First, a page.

As you see, the first line declares the namespace, so we don’t need to worry whether any other plugin contains a class named Display.

Subscribe Model

The Subscribe model is in charge of subscribing a user:


namespace GT\Subscribe\Models;

class Subscribe {

    public static function handle( $email ) {
        if ( $email ) {
            // insert into the database

As you see, the code is pretty simple. The handle() function accepts an email and inserts into the database. For the sake of simplicity the insert DB query itself is omitted, however, it’s perfectly covered in the WordPress Reference.

Delivery Model

Although the Delivery model is slightly more complex, it’s still pretty easy to understand:


namespace GT\Subscribe\Models;

class Delivery {

    public static function run( $subject, $message ) {
        $emails = self::_get_emails();
        foreach ( $emails as $email ) {
            self::_send( $email, $subject, $message );

    private static function _get_emails() {
        // load the emails from the database
        return $emails;

    private static function _send( $email, $subject, $message ) {
        return mail( $email, $subject, $message );


You might ask why everything is static. That’s the limitation of the callbacks I’ll explain below, however, fits our design quite well.

It’s Alive!

Finally, it’s time to make our models work, so how do we do that? WordPress is a powerful framework, so we will utilize actions and filters it provides.

First, we define the namespace and include the models:

namespace GT\Subscribe;

use GT\Subscribe\Models;

include 'models/display.php';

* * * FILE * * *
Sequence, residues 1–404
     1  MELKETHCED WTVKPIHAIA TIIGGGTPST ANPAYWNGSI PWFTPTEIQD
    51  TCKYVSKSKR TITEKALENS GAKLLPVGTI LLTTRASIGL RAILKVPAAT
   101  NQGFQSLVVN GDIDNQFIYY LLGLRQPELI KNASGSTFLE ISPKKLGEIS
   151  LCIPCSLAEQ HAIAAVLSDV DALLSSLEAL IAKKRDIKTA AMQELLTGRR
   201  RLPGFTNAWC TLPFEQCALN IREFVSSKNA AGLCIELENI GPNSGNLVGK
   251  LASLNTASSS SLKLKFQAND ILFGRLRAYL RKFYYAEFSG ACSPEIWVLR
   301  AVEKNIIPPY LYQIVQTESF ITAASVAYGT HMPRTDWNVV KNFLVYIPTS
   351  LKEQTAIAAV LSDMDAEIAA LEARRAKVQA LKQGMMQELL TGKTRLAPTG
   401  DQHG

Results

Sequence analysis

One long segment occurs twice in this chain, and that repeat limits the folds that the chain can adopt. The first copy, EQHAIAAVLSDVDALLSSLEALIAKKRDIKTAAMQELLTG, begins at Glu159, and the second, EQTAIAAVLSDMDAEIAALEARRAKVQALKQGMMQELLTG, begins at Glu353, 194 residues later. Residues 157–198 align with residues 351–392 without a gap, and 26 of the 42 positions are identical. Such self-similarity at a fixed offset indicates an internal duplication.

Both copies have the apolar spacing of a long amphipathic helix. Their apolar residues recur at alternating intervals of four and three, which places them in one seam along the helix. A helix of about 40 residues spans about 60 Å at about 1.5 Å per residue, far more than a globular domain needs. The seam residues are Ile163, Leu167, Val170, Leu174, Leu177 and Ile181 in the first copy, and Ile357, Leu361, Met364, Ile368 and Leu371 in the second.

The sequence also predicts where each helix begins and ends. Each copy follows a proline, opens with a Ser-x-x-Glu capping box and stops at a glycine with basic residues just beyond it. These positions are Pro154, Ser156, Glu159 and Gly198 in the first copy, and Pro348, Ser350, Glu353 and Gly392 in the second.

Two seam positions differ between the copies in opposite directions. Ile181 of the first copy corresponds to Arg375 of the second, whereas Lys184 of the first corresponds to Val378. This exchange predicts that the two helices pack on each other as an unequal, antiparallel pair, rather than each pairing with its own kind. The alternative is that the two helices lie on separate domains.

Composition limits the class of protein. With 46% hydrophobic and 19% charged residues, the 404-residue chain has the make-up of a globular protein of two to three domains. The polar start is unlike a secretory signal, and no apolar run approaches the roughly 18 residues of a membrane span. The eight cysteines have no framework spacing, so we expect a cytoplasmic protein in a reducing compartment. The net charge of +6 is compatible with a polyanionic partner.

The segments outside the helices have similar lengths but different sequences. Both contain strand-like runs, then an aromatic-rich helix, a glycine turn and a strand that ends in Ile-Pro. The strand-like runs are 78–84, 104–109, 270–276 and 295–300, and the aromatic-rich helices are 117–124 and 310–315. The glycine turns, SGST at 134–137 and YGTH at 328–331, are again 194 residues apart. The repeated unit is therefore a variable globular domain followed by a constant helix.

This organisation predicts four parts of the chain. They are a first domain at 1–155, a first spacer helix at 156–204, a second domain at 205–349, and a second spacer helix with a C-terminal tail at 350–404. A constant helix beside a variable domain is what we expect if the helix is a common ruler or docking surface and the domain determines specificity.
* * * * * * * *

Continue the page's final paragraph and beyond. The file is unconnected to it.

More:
include 'models/subscribe.php';
include 'models/delivery.php';

Then comes the Display model. We will display the form at the end of each post, so we are going to go with the the_content filter:

add_filter( 'the_content', [ 'GT\Subscribe\Models\Display', 'form' ] );

You might wonder why we need to provide the full namespace if we already define the namespace with the use statement. At the time the callback is actually called by WordPress PHP has no idea of the namespaces that were in use when you added it.
Another way to solve this is to instance the class before passing it into the callback:

$display = new Models\Display();
add_filter( 'the_content', [ $display, 'form' ] );

We won’t do that for one simple reason – the class will be instanced each time the code is performed, which is basically each time the website is opened. In our case it is insignificant, but still not a good practice, so we will avoid it. Therefore, we need to keep methods of our model static so the could be called without creating an instance of the class.

We will discuss the issue in the next article.

Next, let’s handle the subscription process:

add_action( 'init', function() {
    if ( ! empty( $_POST['gt_subscribe_email'] ) ) {
        Models\Subscribe::handle( $_POST['gt_subscribe_email'] );
} );

And finally we send out emails:

add_action( 'publish_post', function( $ID, $post ) {
    Models\Delivery::run( $post->post_title, $post->post_content );
} );

Every time a post is published, we send it to the subscribers.

What’s Next?

The plugin structure is incomplete without the request handler, and that’s what we are going to cover in the next article. We will use the Front Controller design pattern to handle HTTP requests and interact with WordPress.

Stay tuned!